BUTTE — "On the charge of count one deliberate homicide by accountability, we the jury find the defendant guilty. On the charge of count two attempted deliberate homicide by accountability, we the jury find the defendant guilty. On count three, attempted deliberate homicide by accountability we the jury find the defendant guilty."
After two and a half hours of deliberation, the jury found Lloyd Barrus guilty in connection with the shooting death of Broadwater County Sheriff's deputy Mason Moore.
The jury spent 11 hours in the courtroom listening to the State and defense’s closing argument and the State’s rebuttal before the jury left to deliberate.
Prosecutors called out the defense’s argument that Barrus had not known about the pursuit as nonsense.
"Lloyd Barrus sitting up here in the driver’s seat could not possibly have known what he was doing which in and of itself doesn’t make any sense," said prosecutor Cory Swanson.
Barrus was found guilty of accountability in the deliberate homicide of Deputy Moore by aiding his son Marshall in the May 16, 2017 shooting death of the deputy.
"This case is an evil partnership between Lloyd Barrus and his son Marshall Barrus to satisfy their desire, to satisfy their hatred of the government and law enforcement," said Prosecutor Daniel Guzynski.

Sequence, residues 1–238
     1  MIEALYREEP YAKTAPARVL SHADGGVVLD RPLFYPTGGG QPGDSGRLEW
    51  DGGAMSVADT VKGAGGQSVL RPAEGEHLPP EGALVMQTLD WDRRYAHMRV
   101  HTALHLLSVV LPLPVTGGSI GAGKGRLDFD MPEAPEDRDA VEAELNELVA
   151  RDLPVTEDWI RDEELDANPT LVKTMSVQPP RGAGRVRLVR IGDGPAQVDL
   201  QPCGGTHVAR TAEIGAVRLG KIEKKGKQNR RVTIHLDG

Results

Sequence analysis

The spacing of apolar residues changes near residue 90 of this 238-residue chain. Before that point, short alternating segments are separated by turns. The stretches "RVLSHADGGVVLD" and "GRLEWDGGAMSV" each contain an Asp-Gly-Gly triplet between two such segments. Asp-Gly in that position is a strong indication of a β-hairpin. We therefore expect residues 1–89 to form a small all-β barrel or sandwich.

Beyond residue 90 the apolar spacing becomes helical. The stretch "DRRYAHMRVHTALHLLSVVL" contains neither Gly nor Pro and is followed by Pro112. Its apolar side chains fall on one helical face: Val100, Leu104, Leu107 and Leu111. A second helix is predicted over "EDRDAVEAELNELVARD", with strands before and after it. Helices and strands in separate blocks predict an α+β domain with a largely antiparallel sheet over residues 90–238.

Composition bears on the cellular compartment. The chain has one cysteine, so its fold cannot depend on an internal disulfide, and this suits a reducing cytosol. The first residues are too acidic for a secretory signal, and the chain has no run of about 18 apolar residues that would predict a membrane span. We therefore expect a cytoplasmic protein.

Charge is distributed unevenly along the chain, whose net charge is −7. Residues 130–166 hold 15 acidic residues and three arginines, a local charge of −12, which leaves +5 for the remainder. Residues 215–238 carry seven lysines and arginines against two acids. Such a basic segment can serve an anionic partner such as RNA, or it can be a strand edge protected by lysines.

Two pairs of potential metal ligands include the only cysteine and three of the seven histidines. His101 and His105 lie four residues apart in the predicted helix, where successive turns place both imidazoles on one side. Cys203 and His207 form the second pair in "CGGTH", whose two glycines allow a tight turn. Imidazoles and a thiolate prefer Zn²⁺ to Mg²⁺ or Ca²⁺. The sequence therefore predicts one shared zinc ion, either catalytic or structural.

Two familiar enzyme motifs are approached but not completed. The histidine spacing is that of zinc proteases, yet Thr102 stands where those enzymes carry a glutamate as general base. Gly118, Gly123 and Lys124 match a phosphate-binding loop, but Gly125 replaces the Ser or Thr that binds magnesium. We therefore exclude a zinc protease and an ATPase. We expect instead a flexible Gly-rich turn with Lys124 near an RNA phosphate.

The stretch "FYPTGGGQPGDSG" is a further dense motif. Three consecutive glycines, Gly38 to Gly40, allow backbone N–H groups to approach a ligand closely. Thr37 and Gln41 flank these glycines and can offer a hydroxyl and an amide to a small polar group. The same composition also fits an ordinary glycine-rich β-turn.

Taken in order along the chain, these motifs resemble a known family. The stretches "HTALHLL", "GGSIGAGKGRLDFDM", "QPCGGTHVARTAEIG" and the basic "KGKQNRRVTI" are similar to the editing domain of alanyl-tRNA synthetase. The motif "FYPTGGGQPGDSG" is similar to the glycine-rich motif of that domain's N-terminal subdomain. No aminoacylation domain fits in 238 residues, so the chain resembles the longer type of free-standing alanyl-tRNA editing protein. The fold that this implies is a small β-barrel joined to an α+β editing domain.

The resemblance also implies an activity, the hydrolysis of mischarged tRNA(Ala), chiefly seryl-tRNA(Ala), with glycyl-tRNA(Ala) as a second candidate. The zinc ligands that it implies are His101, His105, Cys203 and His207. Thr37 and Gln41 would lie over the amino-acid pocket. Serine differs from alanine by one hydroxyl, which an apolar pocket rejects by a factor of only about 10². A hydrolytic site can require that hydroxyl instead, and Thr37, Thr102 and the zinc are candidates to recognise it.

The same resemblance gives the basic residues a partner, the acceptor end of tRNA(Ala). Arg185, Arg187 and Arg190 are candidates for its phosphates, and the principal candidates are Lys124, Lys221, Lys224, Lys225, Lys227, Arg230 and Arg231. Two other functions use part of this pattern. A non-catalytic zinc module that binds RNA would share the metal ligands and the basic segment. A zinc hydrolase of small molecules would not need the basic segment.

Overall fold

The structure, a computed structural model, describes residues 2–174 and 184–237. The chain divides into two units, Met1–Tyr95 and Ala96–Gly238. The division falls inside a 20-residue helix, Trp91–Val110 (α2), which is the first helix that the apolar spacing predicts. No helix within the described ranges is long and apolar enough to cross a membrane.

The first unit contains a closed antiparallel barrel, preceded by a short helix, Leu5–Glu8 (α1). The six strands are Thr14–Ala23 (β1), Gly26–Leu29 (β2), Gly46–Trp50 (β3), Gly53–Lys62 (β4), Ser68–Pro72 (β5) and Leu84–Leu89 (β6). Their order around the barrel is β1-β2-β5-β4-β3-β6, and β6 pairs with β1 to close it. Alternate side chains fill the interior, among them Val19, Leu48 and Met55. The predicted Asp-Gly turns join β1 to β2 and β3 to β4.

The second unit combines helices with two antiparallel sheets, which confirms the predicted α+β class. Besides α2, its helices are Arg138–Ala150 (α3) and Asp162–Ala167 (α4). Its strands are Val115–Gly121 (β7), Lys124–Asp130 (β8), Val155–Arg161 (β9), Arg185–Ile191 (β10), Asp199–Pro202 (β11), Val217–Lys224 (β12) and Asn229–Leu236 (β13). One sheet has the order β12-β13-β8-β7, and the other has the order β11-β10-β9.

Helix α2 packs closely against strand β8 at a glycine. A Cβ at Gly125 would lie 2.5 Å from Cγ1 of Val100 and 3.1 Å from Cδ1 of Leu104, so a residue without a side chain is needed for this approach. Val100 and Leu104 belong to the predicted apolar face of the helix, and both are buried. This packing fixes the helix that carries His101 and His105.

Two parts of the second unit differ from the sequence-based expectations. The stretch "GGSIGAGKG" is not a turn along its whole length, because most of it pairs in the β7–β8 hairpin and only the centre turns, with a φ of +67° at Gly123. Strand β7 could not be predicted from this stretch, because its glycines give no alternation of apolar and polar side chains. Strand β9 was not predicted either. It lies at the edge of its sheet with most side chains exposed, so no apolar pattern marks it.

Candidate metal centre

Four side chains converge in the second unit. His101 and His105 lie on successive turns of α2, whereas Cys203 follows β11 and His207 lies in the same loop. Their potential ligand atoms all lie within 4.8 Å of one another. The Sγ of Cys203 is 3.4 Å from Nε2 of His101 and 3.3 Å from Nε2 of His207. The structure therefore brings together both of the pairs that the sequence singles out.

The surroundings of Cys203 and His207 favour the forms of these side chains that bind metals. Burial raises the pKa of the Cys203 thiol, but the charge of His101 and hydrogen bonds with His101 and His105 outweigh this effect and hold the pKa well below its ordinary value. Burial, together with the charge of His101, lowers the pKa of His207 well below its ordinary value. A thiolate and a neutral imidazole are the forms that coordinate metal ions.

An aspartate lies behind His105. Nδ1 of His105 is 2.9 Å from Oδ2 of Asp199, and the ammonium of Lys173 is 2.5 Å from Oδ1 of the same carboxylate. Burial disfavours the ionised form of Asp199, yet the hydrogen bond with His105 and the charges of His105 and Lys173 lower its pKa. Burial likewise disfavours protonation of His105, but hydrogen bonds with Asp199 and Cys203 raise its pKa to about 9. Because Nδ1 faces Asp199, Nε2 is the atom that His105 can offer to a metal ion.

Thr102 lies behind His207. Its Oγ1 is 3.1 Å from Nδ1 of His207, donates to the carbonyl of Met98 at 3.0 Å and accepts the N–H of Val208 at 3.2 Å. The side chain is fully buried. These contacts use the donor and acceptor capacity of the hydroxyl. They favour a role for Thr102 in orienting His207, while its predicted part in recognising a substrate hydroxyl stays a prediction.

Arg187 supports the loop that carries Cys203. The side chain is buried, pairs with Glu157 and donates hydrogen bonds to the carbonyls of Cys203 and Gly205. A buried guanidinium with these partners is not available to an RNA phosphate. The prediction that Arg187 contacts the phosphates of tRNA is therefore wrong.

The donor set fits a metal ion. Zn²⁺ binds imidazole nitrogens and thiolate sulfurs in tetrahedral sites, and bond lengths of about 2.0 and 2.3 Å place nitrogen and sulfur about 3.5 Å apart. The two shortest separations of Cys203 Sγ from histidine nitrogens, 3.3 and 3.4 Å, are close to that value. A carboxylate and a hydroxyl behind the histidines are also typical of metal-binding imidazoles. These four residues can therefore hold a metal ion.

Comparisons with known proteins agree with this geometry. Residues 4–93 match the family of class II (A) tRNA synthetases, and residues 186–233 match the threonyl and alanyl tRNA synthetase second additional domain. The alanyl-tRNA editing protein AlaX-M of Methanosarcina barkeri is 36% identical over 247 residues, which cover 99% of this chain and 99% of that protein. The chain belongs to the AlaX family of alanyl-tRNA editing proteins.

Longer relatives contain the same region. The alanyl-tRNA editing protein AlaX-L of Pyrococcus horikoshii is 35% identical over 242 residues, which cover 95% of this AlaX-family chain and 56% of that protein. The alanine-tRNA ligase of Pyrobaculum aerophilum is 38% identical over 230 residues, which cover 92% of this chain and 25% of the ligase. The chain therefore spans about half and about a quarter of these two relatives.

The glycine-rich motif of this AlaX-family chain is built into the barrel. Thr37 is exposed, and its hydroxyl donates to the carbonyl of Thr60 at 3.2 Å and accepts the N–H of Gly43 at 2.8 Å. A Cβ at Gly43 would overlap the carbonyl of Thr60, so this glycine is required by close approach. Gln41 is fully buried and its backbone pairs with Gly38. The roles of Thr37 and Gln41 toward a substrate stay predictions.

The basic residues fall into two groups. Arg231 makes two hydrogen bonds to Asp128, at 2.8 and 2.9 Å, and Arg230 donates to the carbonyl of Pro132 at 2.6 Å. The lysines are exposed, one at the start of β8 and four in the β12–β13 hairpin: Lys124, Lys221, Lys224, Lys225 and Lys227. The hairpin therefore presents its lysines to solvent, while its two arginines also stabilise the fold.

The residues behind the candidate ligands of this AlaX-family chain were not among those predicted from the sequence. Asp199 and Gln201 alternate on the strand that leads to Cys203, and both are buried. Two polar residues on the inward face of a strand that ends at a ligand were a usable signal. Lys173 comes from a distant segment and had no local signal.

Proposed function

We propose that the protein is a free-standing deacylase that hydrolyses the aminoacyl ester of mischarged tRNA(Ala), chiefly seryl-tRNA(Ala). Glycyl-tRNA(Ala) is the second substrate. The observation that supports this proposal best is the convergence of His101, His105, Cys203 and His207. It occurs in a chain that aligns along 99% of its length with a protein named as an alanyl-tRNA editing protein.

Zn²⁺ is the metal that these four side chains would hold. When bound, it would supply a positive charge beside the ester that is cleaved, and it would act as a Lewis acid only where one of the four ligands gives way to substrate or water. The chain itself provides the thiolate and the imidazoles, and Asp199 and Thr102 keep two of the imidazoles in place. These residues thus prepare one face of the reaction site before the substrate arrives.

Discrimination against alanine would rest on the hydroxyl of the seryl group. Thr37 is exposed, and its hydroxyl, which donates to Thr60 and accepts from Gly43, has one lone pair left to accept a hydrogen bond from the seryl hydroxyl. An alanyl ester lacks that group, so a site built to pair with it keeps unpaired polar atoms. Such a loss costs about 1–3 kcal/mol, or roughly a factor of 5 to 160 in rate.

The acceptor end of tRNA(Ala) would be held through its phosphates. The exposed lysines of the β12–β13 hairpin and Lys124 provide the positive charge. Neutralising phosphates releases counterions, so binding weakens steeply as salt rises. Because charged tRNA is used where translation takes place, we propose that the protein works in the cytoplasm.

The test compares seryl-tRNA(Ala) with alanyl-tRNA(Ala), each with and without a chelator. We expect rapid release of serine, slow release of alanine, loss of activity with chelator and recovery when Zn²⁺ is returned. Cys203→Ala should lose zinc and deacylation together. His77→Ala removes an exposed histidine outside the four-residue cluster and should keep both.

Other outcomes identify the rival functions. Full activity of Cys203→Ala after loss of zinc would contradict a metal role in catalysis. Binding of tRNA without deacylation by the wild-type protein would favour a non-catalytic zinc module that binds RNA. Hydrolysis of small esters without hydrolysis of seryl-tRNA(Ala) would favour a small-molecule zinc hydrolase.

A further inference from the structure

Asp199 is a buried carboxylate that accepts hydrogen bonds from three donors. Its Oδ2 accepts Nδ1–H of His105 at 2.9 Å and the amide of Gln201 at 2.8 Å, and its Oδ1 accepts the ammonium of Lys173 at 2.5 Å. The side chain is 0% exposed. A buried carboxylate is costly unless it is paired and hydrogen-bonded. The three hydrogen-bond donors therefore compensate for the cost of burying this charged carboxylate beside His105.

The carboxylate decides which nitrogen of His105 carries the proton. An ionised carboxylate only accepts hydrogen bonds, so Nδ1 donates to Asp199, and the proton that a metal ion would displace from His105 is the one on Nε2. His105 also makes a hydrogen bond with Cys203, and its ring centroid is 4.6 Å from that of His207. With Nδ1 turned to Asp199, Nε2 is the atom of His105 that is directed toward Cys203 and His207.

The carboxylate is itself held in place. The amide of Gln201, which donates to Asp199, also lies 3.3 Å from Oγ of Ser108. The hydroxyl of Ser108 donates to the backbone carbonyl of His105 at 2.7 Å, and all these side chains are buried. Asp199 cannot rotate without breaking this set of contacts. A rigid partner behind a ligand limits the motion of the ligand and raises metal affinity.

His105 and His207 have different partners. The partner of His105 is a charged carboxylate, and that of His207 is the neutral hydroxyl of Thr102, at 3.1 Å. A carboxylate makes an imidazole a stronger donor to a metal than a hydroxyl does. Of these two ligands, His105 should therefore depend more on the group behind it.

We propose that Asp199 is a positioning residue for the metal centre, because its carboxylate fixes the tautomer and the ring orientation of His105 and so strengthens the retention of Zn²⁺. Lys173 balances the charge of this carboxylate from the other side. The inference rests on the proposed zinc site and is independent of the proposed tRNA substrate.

After a high-speed chase across several counties that ended in a shoot-out with law enforcement in Missoula County, Barrus surrendered to police; Marshall was shot and later died in the shootout.
The defense continued to interrupt the rebuttal repeatedly calling the evidence to convict Barrus as vague just as they did during their closing argument.
"It’s their job to tell you the truth and I'm just pointing out where they didn’t." said defense attorney Craig Shannon during closing arguments.
Barrus faces the possibility of three life sentences, which will be discussed further at a later date.
Deputy Moore was 42 years old when he was killed and is survived by his wife Jodi and three children. Jodi created the Mason Moore Foundation which provides grants to law enforcement agencies for programs or special equipment that may not be available through the standard governmental funding process.